About Us

Problem Statement

South Africa is the most HIV-affected country in the world, infamously known for having one of the highest rates of reported sexual offences in the world as well as one of the highest rates of gender-based violence (GBV) and femicide.

Devastatingly, women carry the brunt of all of these societal ills, with women being disproportionately affected by HIV compared to men (26% of women versus 15% of men), an estimated 40% of women in South Africa having been raped at some point during their lifetime, and 51% of South African women reporting having experienced domestic violence.

Poverty, HIV and GBV are interconnected social ills that operate in a vicious cycle in a society that continuously and systematically disempowers women. Gender norms long held in traditional communities means that these women lack social, legal and economic agency and autonomy – increasing their risk exposure to HIV.

Therefore, in order to truly uplift and empower the women of South Africa to improve their lives, all these factors must be recognised and their relationships well understood.


We have a vision of a South Africa where economically empowered women live free from gender-based violence and HIV.


Our mission is to build robust communities through the empowerment of women in the poorest areas of South Africa by supporting sustainable livelihoods, challenging gender norms to reduce the risk of GBV and HIV, and creating lasting social change through the mobilisation of community networks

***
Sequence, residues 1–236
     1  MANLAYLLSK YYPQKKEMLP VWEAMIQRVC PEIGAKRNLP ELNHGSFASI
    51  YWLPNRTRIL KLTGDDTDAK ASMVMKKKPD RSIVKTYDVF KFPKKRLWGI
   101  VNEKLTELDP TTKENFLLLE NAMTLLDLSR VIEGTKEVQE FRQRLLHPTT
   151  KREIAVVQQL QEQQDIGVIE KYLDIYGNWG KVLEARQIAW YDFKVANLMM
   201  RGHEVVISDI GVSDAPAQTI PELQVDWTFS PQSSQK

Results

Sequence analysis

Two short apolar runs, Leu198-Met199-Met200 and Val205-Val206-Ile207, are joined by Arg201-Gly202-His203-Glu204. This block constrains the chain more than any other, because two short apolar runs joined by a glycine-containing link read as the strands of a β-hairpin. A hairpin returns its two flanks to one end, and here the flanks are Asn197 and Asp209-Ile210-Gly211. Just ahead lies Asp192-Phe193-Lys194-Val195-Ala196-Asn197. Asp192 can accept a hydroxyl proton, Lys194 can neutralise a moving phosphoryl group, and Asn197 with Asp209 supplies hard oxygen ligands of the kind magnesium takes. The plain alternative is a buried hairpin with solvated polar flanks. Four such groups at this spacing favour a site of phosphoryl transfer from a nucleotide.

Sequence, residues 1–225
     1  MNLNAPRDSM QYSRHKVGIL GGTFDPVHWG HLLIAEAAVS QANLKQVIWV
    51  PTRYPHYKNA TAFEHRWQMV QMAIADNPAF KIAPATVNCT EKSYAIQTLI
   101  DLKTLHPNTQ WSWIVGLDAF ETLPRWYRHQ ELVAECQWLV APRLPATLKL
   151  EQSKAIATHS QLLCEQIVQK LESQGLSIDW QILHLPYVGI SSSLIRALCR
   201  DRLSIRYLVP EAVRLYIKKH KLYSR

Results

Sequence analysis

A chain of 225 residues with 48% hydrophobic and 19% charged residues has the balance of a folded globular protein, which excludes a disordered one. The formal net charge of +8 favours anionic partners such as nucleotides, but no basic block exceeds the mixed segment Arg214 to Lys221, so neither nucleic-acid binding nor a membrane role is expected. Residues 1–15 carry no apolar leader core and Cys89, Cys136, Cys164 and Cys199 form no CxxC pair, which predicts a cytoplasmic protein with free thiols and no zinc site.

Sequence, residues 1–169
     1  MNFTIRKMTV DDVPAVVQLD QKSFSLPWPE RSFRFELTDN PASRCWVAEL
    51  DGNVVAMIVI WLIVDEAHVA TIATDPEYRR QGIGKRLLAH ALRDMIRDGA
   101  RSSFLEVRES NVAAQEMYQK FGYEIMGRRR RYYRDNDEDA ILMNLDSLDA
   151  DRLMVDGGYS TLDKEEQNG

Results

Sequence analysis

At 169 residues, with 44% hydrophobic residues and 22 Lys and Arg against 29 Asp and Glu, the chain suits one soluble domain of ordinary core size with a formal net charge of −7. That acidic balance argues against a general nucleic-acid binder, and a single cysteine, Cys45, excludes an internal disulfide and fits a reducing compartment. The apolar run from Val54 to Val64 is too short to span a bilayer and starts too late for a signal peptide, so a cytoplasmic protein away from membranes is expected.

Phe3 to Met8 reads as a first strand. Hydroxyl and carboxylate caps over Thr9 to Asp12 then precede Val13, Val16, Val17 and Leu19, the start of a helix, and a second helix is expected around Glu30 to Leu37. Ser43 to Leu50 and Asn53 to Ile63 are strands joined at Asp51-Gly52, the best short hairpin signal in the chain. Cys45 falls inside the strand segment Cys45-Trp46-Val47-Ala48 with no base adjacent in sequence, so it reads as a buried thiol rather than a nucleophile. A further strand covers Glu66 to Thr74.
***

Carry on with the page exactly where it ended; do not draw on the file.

Our Story

History of the IMAGE Programme

The IMAGE Project and its gender transformative curriculum were originally designed and developed by researchers from the London School of Hygiene and Tropical Medicine (LSHTM) and the School of Public Health at the University of Witwatersrand in the early 2000s. They had the aim of evaluating the potential role of a microfinance-based poverty alleviation and empowerment strategy in the prevention of HIV and GBV.

These researchers partnered with the Small Enterprise Foundation (SEF), South Africa’s largest developmental microfinance institution, in order to utilise their platform and client base to deliver HIV and gender training alongside SEF’s microfinance programme.

They adopted a gender transformative approach to create opportunities for women to actively challenge gender norms, to promote positions of social and political influence for women in the target communities, and to begin to address power inequities between women and men that were the enabling environment in which HIV and GBV could flourish.

Thus in 2001, the IMAGE Project pilot programme was launched and carefully studied in order to assess the ongoing impact of the combined economic, health, and social empowerment intervention. They called this pilot Sisters for Life.

More information on the study can be found here: Lancet Cluster Randomised Trial: Effect of a structural intervention for the prevention of intimate-partner violence and HIV in rural South Africa


The microfinance component of the intervention is delivered in partnership with the Small Enterprise Foundation. SEF administers loans exclusively to poorest women in rural villages for the development of income-generating activities.


In addition to the microfinance component described above, the second component of the IMAGE intervention includes a participatory gender and HIV training programme called Sisters for Life, which is fully integrated into routine loan centre meetings and is delivered alongside microfinance services by a separate team of trainers. SFL comprises of two phases delivered over 13 months

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Let’s work together towards a better society for women in South Africa